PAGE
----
Federal rangers are seeking the public’s help in identifying a woman who they say was videotaped swimming with kids in the Rogers Spring of Nye County, which is home to the endangered Ash Meadows Amargosa pupfish and the Ash Meadows speckled dace.
The fish can be found only in the area of the Amargosa River Basin in southern Nye County, according to the U.S. Fish & Wildlife Service. Yet, a post from the Ash Meadows National Wildlife Refuge said a woman and a group of youths “were caught swimming in the Rogers Spring in the past two weeks” in an area where “no swimming” signs are posted. A camera in the area recorded an image of the woman.
“The party in question later discovered and broke the camera, but were unable to recover the SD card,” the wildlife refuge said on its Facebook page.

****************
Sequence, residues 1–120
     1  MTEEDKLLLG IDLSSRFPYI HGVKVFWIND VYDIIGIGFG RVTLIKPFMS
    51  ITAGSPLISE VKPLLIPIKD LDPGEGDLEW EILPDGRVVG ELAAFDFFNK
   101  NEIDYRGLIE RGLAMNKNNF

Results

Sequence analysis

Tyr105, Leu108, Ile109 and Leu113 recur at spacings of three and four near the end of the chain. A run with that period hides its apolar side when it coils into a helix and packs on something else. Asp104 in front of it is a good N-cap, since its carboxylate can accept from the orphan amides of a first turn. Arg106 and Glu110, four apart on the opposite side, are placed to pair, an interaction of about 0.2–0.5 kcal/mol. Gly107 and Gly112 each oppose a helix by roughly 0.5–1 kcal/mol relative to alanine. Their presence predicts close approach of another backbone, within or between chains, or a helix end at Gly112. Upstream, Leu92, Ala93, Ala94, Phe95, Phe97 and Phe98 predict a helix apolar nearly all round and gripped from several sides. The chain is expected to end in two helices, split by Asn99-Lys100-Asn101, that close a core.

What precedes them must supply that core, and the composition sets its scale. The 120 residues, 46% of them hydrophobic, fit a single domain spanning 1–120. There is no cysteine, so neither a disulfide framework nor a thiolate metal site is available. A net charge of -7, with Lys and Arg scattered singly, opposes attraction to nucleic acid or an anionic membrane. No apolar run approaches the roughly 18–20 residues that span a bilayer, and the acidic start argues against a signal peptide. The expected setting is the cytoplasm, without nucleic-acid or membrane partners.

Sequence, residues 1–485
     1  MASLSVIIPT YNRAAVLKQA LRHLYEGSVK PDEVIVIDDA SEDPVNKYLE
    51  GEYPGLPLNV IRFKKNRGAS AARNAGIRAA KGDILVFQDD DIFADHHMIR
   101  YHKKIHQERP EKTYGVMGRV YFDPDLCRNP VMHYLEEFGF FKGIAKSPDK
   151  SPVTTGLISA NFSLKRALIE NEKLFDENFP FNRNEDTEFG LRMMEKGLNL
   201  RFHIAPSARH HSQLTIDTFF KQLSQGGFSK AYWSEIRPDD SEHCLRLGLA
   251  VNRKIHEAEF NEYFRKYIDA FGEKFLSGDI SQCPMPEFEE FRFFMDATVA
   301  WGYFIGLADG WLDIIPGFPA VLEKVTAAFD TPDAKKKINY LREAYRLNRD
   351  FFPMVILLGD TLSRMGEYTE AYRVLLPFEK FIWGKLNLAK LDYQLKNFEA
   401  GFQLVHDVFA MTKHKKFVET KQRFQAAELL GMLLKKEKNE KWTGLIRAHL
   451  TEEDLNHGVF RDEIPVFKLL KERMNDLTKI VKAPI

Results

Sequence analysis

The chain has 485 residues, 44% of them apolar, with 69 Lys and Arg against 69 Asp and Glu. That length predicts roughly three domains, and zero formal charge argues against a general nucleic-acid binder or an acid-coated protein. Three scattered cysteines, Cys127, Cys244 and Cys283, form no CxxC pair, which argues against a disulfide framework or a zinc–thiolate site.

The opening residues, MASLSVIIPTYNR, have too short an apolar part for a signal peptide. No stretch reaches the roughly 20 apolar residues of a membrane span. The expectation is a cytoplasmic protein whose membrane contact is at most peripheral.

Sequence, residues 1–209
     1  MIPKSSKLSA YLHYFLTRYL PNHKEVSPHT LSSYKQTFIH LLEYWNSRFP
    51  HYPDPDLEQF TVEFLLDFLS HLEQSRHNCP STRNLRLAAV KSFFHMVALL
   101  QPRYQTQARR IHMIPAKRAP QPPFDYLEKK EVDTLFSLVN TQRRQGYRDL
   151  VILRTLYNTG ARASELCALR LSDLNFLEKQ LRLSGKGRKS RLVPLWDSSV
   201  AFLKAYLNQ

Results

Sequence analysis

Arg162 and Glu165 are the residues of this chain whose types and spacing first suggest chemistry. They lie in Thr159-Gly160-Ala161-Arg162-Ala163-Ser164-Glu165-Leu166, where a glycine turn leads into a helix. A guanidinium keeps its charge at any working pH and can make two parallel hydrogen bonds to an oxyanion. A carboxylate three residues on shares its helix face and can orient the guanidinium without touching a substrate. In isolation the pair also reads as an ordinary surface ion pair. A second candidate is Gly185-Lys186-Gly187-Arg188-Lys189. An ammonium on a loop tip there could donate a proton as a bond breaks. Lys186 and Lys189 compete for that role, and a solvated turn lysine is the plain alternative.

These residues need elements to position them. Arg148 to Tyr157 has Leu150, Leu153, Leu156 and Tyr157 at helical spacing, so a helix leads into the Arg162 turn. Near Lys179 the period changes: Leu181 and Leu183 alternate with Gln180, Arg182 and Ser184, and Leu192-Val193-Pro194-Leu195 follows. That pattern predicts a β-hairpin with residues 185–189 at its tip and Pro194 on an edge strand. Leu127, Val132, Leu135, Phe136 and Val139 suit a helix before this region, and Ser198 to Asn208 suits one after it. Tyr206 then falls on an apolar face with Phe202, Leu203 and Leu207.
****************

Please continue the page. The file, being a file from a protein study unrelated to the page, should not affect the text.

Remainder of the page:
The refuge said swimming in the spring could harm the fish.
“By swimming in the springs, it is possible to harm the fish directly by killing them (stepping on them, splashing them out of the spring, etc.),” the wildlife refuge said on its Facebook page. “More importantly, they can be harmed indirectly through trampling the algae and substrates needed for the fish to forage, breed, and hide. The algae is where the fish eggs are deposited, so crushing these eggs could also have an impact.”
The refuge said that further damage to the fish could be caused by “kicking up the substrate,” causing more silt to enter the system and “affect installed fish barriers if not caught in time.”
“Furthermore, swimming in springs introduces chemicals such as sunscreen, skin lotion etc,” the wildlife refuge said. “These can be harmful to the native fish, spring snails, and other species present in the system. Swimming in springs can also affect the biosecurity of the system by inadvertently introducing invasive species or pathogens.”
Anyone who knows who the woman is is asked to contact Rob Peloquin by email at firstname.lastname@example.org or at 702-283-8136.